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  8. Lori Ellis says:

    Sweet friend, we are living the same path just different ailments. My Mom takes Hydrocodone and is blessed to have a pain specialist, Dr. James Stonesipher who trusts her usage. I was using Tramadol because all other pain meds made me ill without nausea medicine. That was no.life to me plus cognitove impaorment began. I got off all pain meds and it has been a rough ride but I’m sixty, Mom is 82. She has had a couple of falls and is deteriorating before my eyes. She does love to walk in the pool. It is a wonderful resistance exercise where she says. “I cannot fall.” Mom has become depressed and I pray for her but admit to worrying too much. I will pray and lift up all four of us. God has a plan. God says I will give you rest. My gift truly, but it is the result of your trust. Train yourself so completely that not even a tremor of doubt or fear can enter in. No fear of the future. No cloud over the present. No shadow on the past. When there is absence of fear it is from the strength for the way gained through contact with God; and complete reluance on His Tenderness and His Power; and then you have the gift of His rest.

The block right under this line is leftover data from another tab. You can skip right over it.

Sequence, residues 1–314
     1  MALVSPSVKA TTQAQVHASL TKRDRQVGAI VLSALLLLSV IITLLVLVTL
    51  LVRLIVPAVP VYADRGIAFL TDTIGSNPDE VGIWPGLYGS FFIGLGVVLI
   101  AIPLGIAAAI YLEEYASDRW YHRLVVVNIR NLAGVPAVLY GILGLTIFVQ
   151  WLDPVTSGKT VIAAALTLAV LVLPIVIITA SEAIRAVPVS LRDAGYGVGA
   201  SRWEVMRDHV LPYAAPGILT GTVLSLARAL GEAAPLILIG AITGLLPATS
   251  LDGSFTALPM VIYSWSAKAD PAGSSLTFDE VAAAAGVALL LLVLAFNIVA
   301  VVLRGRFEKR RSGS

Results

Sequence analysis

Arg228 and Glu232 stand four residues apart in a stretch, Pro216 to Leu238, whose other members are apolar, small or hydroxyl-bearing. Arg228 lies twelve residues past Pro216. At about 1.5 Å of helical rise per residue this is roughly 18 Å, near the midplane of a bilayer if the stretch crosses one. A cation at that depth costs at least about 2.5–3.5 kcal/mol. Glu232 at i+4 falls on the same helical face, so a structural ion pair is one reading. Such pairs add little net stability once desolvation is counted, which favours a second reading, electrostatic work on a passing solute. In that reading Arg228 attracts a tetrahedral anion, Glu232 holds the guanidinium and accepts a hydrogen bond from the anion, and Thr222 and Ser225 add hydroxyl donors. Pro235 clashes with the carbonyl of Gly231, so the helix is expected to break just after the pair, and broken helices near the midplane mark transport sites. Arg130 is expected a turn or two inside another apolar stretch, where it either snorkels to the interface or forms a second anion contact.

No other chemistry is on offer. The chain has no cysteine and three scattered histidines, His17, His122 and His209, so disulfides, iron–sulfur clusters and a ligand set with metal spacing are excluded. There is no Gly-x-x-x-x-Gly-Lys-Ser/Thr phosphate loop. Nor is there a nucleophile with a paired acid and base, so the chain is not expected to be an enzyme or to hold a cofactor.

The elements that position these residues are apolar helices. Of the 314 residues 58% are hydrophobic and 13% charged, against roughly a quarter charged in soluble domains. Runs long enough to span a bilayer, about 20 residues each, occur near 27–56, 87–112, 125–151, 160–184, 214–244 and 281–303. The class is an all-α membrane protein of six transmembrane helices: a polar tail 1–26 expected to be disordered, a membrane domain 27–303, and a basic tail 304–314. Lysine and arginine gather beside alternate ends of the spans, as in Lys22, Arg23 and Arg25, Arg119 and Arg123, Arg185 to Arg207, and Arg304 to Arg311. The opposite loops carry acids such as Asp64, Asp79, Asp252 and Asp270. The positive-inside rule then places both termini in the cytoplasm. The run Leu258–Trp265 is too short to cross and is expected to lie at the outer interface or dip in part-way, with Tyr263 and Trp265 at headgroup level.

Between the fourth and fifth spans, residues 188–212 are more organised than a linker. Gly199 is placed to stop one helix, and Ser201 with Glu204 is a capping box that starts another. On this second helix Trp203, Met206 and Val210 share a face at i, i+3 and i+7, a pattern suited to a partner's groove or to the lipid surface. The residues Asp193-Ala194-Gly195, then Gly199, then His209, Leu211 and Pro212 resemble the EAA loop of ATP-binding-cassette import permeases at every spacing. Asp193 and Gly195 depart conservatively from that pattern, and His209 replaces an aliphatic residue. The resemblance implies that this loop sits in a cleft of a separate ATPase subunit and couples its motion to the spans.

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    • Thank you for the encouragement, sweetheart. Praying for you and your mom. Trusting in God is the easy part. Watching Mom move around in so much pain is rough–as I’m sure you know from experience.

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  9. RobbyeFaye says:

    Oh, Linda, my heart aches for your mom.
    I have chronic pain, and tramadol doesn’t even begin to touch the pain. I have bone on bone and bone spurs cutting the ligaments and muscles in my legs so I can empathize with her knee and shoulder pain, too